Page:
You didn’t think I was just going to leave you with one eclipse pic, did you?
I’d been eyeing the weather reports all week, because we’ve been having spates of thunderstorms and sudden showers, and they called for partly cloudy conditions Sunday night when the eclipse was occurring, so I wasn’t getting my hopes too high. Nonetheless, when the day had remained mostly sunny, I went down to the lake near sunset to catch both the sunset and the moonrise, if possible. Sunset proved to be almost completely clouded out, and there were visible dark bands along the eastern horizon where the moon was to appear, so I was a bit surprised to see the pink head crowning from the trees.
Apparently, the dark band I was seeing was thinner humidity than it appeared, perhaps enhanced by the Belt of Venus, but hey, I was happy with it. As it rose, the moon passed in and out of several cloud bands, fully obscured for a minute or three, then revealed again. I managed a few pics.
If I’d been after lunar detail, I’d have been out of luck, but fartsiness? There was enough of that to work with.
The moon climbed out of its pink phase and into gold, still quite photogenic, and while I didn’t intend to do a whole gallery, in 22 minutes I snagged plenty of keepers while the clouds played supporting roles.
As the conditions darkened, I watched a bald eagle cruise over the foreground water and catch a fish, but the shutter speed would be too slow for any moving subject, and I waited in vain for the eagle to rise in front of the moon. Such opportunities are far fewer than you might suspect, given that the moon takes up a tiny fraction of the visible sky, even if you only count up to 25° from the horizon – I know, I’ve tried this for decades, with both sun and moon. But I went wider for a landscape shot, even if it was portrait orientation.
The moon wouldn’t enter the umbral phase of the eclipse for a few hours yet, and the penumbral is boring, so I went home and unloaded the initial images, making a quick post before returning for the real action – if you can count a shadow advancing far too slowly to discern as “action.” And there were still patches of thick clouds in the sky, here and there, as the time drew close, including a smallish bank doing a striptease with the moon as things should have been noticeable.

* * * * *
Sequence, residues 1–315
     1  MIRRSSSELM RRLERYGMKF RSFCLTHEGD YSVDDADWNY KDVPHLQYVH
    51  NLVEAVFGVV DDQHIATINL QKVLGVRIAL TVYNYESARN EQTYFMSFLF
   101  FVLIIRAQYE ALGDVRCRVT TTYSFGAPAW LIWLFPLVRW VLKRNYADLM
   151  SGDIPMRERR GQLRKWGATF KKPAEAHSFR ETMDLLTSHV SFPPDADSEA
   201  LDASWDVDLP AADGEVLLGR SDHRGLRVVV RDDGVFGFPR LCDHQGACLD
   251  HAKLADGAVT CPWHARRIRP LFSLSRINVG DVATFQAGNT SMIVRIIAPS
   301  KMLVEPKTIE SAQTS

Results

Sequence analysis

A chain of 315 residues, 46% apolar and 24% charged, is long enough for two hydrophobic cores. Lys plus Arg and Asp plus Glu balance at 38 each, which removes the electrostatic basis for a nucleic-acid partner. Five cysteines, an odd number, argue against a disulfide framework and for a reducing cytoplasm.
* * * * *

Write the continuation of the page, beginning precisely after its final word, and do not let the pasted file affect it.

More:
Large portions of the sky remained clear, however, so I figured, as slow as things went, I should still get enough photos to make it worthwhile. Soon afterward, the clouds dropped away, except for a pesky one in the lower corner which wasn’t actually a cloud.
This was the Tamron 150-600 with a 2x converter, using a remote release and mirror lock-up with about a five-second delay, and I did numerous frames during this period that I then zoomed way in on, using the LCD on the back of the camera, to examine for critical sharpness. Once I had it as sharp as I figured it was possible, I left the focus ring there (manual focus of course) and used that throughout. Well, not quite true, because from force of habit I reached up once to tweak the focus, forgetting that I’d already gotten it as sharp as possible, and then had to do it all over again. But this only happened once.
And I missed one particular opportunity.
I realized just a little too late that a distant plane, on approach to the nearby airport, would pass in front of the partially eclipsed moon – again, this is extremely rare. Because of mirror lock-up, I had to hit the shutter release twice with several seconds in between, and the delay wasn’t enough while also being too much: the rig was still vibrating from the mirror slap and I tripped the shutter just a fraction of a second too late, so you’re seeing the tail and wingtip of the plane at the top edge there. Dammitall.